OSAKA AND THE END OF INNOCENCE: In her presser after her win, Inside Tennis had this fun exchange with 20-year old Naomi Osaka:
INSIDE TENNIS: The other day [your coach] Sascha said he thought you had a [certain] innocence…[And that] people could learn from that quality. Do you think you have that quality? NAOMI OSAKA: I’m not sure (laughter). Hmm. I’m not really sure because, like, sometimes people tell me I’m naïve. I’m not really sure if that is like similar to innocence. For me innocence is, like, this little baby, right, that was just born. For me that’s what innocence means.
IT: No, it’s being not jaded, being unspoiled, not being caught up in a lot of bad stuff.
NO: How do you know I’m not caught up in bad stuff (smiling)?
IT: I’m asking.
NO: Yeah, I guess I like to think that I’m not.
BURT REYNOLDS – THE TENNIS CONNECTION: The late Burt Reynolds and Chris Evert were an item for a while.
JUST WONDERING: What if the roof had been closed when Roger melted down against John Millman?
TONIGHT’S TAKEAWAY: Mary Joe Fernandez said, “It’s great to see Serena impose her game not just with power, but with positioning and willingness to move forward.”
SERENA AND BLACK MOTHERHOOD – A CUTTING-EDGE TAKE: In her press conference Serena said, “I definitely don’t feel myself yet…I don’t feel like me. My mom said it takes a full year to kind of get back… The emotions and expectations…it’s a lot…Even my body is different. I actually weigh less than I did before…but it’s distributed differently now. My stomach is a little bigger… I’m still waiting to get to be the Serena that I was, and I don’t know if I’ll ever be.”
Her courageous, open comments brought to mind a cutting-edge article on black women in The Undefeated which said Serena “will always be carrying her baby weight…It’s the weight of dramatically less time, exponentially more responsibilities and a whole new future of greater expectations. It doesn’t necessarily correlate to the readout on the scale…[but] that comes with bringing a new human being into the world… “’Last week was not easy for me,’ Williams posted on Instagram earlier this month. She was in a funk, she said. “Mostly, I felt like I was not a good mom…It’s totally normal to feel like I’m not doing enough…I’m trying to be the best athlete I can be…I’m here to say: if you are having a rough day or week – it’s ok–I am, too!! There’s always tomm!’…[Williams was] thinking out loud….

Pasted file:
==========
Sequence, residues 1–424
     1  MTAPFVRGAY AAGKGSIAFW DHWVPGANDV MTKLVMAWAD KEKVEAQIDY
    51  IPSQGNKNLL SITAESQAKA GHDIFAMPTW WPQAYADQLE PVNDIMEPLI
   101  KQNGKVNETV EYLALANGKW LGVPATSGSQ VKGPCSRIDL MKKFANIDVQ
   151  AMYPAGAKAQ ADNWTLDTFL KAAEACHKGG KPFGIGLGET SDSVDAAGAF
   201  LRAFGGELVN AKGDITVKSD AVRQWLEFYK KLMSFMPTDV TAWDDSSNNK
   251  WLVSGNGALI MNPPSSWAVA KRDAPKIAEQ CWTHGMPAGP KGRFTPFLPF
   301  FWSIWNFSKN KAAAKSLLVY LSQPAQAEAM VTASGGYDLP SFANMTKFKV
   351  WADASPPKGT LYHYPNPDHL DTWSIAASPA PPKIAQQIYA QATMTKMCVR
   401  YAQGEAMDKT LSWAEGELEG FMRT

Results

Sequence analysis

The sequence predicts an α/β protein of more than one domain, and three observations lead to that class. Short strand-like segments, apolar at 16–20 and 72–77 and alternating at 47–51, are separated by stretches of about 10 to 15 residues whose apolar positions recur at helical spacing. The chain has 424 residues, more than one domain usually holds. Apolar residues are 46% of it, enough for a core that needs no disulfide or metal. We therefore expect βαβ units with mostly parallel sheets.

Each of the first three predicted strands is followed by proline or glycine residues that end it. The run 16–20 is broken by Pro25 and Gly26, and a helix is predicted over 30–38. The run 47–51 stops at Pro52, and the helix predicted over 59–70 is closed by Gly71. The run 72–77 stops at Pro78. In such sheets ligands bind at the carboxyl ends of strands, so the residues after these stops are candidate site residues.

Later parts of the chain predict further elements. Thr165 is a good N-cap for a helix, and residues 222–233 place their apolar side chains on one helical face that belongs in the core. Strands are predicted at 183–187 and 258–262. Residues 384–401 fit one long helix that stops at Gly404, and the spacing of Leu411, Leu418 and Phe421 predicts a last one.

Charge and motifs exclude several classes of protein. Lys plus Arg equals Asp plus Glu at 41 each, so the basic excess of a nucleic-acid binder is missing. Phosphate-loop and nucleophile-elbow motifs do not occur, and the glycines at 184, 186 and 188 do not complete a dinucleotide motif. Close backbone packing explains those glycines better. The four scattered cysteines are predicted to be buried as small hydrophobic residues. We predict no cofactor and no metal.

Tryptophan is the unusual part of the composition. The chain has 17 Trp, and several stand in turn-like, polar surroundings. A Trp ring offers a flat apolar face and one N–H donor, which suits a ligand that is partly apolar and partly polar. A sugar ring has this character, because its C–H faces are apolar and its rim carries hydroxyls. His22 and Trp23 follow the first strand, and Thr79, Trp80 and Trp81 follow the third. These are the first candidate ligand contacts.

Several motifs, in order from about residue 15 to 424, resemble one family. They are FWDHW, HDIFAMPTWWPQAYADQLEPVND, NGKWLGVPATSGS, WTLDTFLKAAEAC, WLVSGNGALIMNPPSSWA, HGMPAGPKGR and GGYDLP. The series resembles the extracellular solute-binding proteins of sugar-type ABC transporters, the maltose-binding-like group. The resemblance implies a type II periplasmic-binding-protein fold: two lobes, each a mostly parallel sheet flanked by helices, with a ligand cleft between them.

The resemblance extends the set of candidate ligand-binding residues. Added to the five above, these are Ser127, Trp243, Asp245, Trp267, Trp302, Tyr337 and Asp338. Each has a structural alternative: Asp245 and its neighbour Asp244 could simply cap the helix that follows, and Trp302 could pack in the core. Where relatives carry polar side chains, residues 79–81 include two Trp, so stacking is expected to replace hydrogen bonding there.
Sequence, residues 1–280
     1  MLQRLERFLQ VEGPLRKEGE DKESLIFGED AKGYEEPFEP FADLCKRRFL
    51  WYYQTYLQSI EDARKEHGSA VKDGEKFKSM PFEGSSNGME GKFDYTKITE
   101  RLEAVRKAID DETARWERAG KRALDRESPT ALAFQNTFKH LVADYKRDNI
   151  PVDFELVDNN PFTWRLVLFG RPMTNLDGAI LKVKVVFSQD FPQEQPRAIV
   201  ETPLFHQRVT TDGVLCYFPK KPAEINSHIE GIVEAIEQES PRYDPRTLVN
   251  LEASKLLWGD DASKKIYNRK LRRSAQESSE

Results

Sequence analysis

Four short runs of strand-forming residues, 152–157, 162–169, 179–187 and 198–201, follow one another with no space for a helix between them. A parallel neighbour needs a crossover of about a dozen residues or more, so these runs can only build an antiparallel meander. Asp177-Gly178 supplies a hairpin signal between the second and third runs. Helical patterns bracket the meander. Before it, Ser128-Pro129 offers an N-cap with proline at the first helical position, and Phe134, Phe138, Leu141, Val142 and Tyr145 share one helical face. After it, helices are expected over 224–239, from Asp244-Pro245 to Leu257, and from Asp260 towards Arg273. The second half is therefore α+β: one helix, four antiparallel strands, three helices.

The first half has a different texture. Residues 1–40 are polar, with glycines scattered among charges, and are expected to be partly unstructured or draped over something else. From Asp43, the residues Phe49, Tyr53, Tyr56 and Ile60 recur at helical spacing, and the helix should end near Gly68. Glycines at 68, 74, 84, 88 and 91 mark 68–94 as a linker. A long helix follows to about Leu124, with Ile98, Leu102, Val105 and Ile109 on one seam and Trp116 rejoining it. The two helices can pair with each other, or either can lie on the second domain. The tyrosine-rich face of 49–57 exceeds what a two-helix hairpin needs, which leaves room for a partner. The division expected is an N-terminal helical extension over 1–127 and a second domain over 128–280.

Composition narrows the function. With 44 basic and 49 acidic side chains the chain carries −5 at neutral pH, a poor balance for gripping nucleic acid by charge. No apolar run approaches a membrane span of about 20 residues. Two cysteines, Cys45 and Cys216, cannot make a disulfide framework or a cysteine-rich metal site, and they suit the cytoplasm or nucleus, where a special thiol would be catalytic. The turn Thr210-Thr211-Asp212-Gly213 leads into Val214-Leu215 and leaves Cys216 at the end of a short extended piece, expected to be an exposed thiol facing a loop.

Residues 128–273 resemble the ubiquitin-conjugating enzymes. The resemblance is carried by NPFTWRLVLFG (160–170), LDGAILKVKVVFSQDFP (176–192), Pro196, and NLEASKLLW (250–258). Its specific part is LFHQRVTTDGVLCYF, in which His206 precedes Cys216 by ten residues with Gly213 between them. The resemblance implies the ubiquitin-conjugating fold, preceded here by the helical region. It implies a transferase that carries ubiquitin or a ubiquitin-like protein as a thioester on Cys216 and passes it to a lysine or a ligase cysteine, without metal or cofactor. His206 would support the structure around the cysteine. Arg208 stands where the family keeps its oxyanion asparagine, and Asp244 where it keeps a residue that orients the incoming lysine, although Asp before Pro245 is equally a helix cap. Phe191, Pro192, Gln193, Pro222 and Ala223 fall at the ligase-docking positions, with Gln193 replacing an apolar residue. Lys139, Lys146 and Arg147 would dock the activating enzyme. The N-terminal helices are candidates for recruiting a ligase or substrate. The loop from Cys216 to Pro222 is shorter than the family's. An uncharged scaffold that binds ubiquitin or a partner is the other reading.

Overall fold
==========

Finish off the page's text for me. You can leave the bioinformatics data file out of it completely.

in a nation with a long history of commodifying, politicizing or devaluing black motherhood. This country has a dangerous habit of codifying black mother stereotypes — loving mammy to white babies, dangerous breeder of welfare-dependent black ones — while hollowing out, discounting or simply ignoring the joys, complexities and interior lives of black women with children… “Erika Nicole Kendall, who writes a blog called A Black Girl’s Guide to Weight Loss…calls motherhood its own endurance sport. She marvels at Williams and the ‘mental energy of being on the court, but also knowing, ‘Oh, God, did I order this? Did I take care of this?’”
In July Williams tweeted that she wept after not seeing Olympia’s first steps because she was training. She told Time, “I’ve had meltdowns. It’s been a really tough 11 months.” Serena also combatted postpartum depression. She explained, ‘Because, as black women, we are rarely given the opportunity to say, you know what? I am actually hurting…I need a very particular kind of support.”
The Undefeated noted, “Pregnancy brings differences in spatial awareness and muscles may have atrophied…[Williams] told Vogue that after her daughter was born, “everything went bad.” Medical personnel didn’t believe her when she told them she was having a pulmonary embolism…and she almost died. “Not having doctors listen to the greatest athlete of our time, knowing that she had that experience the way that the woman who lives down the block from me in Brooklyn had that experience, that’s crazy to me,” said Kendall. Dorothy Roberts, a University of Pennsylvania professor, talked about “the maternal mortality for black women at a meeting of black sociologists and people shouted out, ‘Serena! Serena!’…She has come to represent…this issue that has been covered up for so long.